Rolling Stone got in hot water for putting reality TV star Kim Kardashian (Khloe’s sister) on its July 16-30 cover, instead of a music artist.
Kardashian wore a sea captain’s cap and a nautical striped top that displayed her overflowing bosom. The photo looked like a joke about motor-boating.
Rolling Stone was criticized for its cover choice by singer Sinead O’Connor and the editor of Rolling Stone’s Australian edition.

Interview, Dec. 2015-Jan. 2016

Kylie Jenner, half-sister of Kim and Khloe Kardashian, stoked her own controversy with the Dec.-Jan. cover of Interview magazine.
Able-bodied Jenner posed in a wheelchair for a fashion shoot for the magazine.
(See articles by the Daily Mail and the Huffington Post.)

InStyle, March 2015

InStyle magazine came under fire for its March 2015 cover photo for allegedly lightening the skin color of African American actress Kerry Washington.
(See articles by the Huffington Post, Access Hollywood and Starpulse.)

Education Next, Spring 2015

Conservative-leaning journal Education Next created a stir with the cover of its spring issue, which features an African-American family with a mother holding a baby and a fading image of the father.
(See article by Education Week.)

Philadelphia, October 2015

Philadelphia magazine was criticized for showing a striking lack of diversity on the cover for its education issue in October 2015.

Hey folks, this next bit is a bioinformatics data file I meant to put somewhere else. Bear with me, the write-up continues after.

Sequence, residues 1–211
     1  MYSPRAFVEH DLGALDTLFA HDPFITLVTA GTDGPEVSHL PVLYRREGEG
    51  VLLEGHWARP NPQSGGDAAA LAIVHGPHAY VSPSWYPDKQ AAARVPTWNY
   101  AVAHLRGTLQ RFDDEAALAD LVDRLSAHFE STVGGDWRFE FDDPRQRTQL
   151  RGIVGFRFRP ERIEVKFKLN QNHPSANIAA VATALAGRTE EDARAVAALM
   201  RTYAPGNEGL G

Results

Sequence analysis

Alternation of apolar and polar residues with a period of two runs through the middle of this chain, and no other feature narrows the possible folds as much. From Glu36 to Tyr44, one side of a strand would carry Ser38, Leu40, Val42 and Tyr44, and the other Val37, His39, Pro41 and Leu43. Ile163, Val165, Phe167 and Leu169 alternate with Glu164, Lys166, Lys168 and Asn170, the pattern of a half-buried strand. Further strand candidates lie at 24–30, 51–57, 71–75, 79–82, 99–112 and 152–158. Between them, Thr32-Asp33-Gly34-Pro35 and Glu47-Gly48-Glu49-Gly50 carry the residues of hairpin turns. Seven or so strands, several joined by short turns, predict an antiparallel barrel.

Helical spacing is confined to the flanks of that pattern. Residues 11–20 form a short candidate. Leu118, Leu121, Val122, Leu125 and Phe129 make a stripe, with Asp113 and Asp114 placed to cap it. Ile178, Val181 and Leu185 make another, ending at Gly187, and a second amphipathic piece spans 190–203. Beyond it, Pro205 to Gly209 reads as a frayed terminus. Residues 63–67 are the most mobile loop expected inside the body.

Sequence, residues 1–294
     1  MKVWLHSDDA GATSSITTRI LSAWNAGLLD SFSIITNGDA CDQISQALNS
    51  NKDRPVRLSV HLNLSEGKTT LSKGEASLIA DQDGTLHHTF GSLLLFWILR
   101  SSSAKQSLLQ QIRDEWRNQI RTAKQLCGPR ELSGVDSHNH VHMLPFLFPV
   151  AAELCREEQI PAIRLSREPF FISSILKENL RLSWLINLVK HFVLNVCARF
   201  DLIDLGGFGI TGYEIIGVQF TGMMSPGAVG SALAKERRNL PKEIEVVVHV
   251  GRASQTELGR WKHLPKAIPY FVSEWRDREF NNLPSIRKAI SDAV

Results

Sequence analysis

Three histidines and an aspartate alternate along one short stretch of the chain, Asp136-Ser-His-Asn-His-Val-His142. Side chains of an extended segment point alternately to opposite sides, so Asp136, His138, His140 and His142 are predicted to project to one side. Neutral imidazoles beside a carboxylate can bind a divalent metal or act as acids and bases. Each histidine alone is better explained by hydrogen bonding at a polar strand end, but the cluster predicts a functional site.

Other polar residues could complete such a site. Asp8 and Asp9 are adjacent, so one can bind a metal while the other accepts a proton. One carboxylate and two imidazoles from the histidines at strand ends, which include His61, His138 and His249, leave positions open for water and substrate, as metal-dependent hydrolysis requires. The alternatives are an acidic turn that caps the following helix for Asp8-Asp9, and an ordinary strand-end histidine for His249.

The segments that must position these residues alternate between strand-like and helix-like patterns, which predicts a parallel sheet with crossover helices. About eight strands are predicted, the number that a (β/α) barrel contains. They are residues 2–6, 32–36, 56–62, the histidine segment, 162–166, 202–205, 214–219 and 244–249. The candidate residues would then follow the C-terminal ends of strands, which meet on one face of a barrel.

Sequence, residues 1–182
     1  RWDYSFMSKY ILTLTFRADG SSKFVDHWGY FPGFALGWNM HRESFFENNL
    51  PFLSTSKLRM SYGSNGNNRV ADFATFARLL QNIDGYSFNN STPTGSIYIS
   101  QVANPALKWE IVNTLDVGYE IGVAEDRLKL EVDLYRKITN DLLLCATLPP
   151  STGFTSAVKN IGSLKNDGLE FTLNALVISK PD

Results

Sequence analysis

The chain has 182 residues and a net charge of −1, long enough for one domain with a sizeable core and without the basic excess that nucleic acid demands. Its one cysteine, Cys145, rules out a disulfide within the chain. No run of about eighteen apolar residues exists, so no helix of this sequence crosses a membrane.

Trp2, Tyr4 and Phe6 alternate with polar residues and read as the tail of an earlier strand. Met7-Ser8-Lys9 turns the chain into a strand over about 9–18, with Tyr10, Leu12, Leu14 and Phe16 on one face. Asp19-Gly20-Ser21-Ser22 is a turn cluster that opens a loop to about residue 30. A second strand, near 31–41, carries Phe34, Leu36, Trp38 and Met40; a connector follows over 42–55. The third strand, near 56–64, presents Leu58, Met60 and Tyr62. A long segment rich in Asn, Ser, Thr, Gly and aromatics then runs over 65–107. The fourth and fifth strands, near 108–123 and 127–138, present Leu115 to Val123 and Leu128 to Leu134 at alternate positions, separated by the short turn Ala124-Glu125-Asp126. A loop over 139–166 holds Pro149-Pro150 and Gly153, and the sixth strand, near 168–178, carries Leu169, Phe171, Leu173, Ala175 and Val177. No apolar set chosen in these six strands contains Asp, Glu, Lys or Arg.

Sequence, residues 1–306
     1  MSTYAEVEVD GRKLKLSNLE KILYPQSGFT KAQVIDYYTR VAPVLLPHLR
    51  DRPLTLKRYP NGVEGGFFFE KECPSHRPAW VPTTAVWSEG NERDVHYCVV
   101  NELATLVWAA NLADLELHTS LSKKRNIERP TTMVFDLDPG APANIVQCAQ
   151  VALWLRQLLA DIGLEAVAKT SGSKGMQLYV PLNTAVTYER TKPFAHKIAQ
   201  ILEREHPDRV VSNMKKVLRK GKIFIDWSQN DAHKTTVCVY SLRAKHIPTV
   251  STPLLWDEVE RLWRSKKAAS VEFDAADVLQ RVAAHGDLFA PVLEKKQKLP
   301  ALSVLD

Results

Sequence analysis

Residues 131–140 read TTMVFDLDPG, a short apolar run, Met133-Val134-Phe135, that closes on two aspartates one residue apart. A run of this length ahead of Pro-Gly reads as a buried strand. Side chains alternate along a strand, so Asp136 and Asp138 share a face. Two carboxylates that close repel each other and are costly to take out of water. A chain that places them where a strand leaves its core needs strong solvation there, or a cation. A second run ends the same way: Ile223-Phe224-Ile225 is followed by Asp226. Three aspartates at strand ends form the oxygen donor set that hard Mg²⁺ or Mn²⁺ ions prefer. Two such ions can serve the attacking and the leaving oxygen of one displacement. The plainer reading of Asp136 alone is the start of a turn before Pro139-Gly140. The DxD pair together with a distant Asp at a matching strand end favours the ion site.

About 52% of the students in Philadelphia’s schools are black, but none of the seven kids on the cover were African American. (Five were white, one Latino and one South Asian.)
(See articles by the Washington Post, the Huffington Post and Philadelphia City Paper.)

Mpls. St. Paul, March 2015

Mpls. St. Paul magazine was called sexist for featuring 15 male chefs and no female chefs on its March 2015 cover about the region’s best restaurants.
(See articles by JimRomenesko.com and Mpls. St. Paul magazine.)

Time; March 23, 2015

Time magazine was accused of putting devil horns on Democratic presidential candidate Hillary Clinton for the cover of its March 23, 2015, issue.
However, Time magazine says it’s faced the horns controversy many times before because of the shape and placement of its nameplate.
(See article by the Huffington Post.)

Maclean’s; Nov. 16, 2015

Canadian magazine Maclean’s took flak for its Nov. 16, 2015, issue and its sympathetic portrayal of a convicted terrorist.
(See article by the Daily Mail.)

Flare, March 2015

Canadian fashion magazine Flare featured five make-up free, unretouched models on its March 2015 cover.
(See article by the Daily Mail.)

GQ, August 2015

Comedian Amy Schumer upset the Walt Disney Co. and some fans with her GQ parody cover which featured her getting frisky with C-3PO and other Star Wars characters.
(See articles by the Daily Mail and Entertainment Weekly.)

Time, Aug. 17, 2015

Time magazine became the butt of a thousand jokes after it released the cover to its Aug. 17, 2015, issue. It featured cover boy Palmer Luckey, inventor of Oculus Rift, prancing midair while wearing his virtual reality goggles.
The Time cover was ridiculed online and quickly became an Internet meme. Even Time joined in on the fun.
(See articles by the Huffington Post and Time.)